It'd be interesting to take any book title and add one of these phrases to the end, like "Professional ASP.NET 2.0, So What?" or "Ruby on Rails, Now What?" or "SQL Server, What For?"

What For?

The Ruby Way does a good job explaining What Ruby is Good For. It answers the Why, to me at least, very well. It's the best book I've found that doesn't just teach Ruby syntax, but also Ruby idioms; it's mastering idiomatic structures that brings fluency in any language, human or computer.

Programming Pearls - I used this book while teaching my C# Class at OIT even though it had nothing to do with C# because it's just that good. It's a series of collected articles from Communications of the ACM. It helped me understand what a number of things were for. I better understand computer problem solving, what Math is for (its relationship to programing, which isn't always clear to everyone)

How to be a Programmer (free) by Robert Read - This is a fun, short read that is general enough that it makes sense in most languages. If you want a CS101 (or 201) practical refresher, this is a great book that answers mostly "how to" questions, but ultimately explains what a number of technique are for.

So What?

Dissecting a C# Application: Inside SharpDevelop is a fantastic book and one of my favorites because it's a story that's full of So What? answers. They talk about what they tried, what failed, what didn't and how they moved forward. The Reviews on Amazon aren't all favorable as one reviewer says this is "an extremely difficult book from which to learn" but if you learn, as I do, from reading source with explanations of design decisions, then this (slightly old, but still useful) book is worth your time.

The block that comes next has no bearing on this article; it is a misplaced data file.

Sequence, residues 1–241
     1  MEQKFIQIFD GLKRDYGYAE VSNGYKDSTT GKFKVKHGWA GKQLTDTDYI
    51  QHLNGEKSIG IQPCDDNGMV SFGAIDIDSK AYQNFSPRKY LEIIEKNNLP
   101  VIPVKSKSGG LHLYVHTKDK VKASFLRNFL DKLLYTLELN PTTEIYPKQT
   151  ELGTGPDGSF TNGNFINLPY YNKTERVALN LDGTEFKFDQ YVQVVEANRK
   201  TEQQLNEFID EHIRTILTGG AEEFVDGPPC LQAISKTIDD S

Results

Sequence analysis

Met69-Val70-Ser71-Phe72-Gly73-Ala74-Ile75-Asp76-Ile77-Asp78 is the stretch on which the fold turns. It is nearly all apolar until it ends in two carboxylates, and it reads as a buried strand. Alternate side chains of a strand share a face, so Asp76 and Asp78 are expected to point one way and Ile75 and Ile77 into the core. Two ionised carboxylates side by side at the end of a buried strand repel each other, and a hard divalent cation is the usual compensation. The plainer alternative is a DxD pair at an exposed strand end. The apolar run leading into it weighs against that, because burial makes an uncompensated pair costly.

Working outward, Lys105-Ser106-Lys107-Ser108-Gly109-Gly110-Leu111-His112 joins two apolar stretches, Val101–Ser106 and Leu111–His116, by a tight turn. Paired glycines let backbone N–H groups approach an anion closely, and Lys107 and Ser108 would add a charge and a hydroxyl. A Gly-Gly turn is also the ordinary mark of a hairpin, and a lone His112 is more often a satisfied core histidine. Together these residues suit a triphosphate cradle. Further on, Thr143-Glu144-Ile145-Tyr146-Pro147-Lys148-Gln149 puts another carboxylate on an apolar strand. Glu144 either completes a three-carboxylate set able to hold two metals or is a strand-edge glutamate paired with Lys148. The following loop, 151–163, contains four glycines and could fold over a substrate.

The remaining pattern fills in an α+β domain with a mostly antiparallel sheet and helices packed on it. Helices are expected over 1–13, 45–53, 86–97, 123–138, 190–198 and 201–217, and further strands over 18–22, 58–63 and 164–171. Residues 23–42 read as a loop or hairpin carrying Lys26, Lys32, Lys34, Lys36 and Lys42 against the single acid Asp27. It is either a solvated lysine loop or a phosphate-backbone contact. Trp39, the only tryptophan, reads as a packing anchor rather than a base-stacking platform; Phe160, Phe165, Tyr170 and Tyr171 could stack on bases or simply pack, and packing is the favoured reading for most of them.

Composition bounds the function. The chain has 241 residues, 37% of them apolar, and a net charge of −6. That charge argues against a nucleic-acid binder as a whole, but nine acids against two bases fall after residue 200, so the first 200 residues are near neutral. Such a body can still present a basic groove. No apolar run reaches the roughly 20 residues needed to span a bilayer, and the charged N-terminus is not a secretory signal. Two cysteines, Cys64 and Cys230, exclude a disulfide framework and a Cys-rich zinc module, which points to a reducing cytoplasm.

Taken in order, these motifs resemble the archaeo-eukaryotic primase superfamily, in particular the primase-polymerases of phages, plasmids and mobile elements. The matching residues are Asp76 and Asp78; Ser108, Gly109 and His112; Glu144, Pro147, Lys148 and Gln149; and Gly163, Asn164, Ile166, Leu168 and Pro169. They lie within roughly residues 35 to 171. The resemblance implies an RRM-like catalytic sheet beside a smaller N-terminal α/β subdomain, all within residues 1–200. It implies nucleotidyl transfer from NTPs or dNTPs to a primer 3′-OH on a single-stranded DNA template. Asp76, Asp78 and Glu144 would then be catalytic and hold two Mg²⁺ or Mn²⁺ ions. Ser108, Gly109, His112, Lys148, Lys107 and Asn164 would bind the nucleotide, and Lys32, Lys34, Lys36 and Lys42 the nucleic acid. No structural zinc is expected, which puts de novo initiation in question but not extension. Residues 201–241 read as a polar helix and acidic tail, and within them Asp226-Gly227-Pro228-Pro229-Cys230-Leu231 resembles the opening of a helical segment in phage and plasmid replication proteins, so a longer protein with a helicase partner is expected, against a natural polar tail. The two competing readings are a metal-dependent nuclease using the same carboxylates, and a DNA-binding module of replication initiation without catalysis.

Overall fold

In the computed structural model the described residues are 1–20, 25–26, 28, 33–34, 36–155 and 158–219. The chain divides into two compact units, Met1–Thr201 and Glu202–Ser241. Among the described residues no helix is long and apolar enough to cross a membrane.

Programming WPF by Chris Sells and Ian Griffiths (his blog is a technical joy) is great because the authors are always trying to answer these "so what" questions. Chris is like this in real life. "So What?" is, I think, his number one question as he takes little for granted. If you read Ian's blog, you know his knowledge is deep to the point of being obscene (that's a good thing) and when you put these two guys together you get a great book that answers, for me, WPF, So What?

Now What?

OK, after I've learned a technology, Now What? What's the next step in my learning and what should I do?

The Pragmatic Programmer by Andrew Hunt and Dave Thomas is a book that answers a lot of Now What questions for me. It shows a complete, pragmatic attitude towards the software development lifecycle. I wouldn't say it's complete in an Enterprise sense, but good for medium-size projects, and most of the general kinds of things you're going to bump into.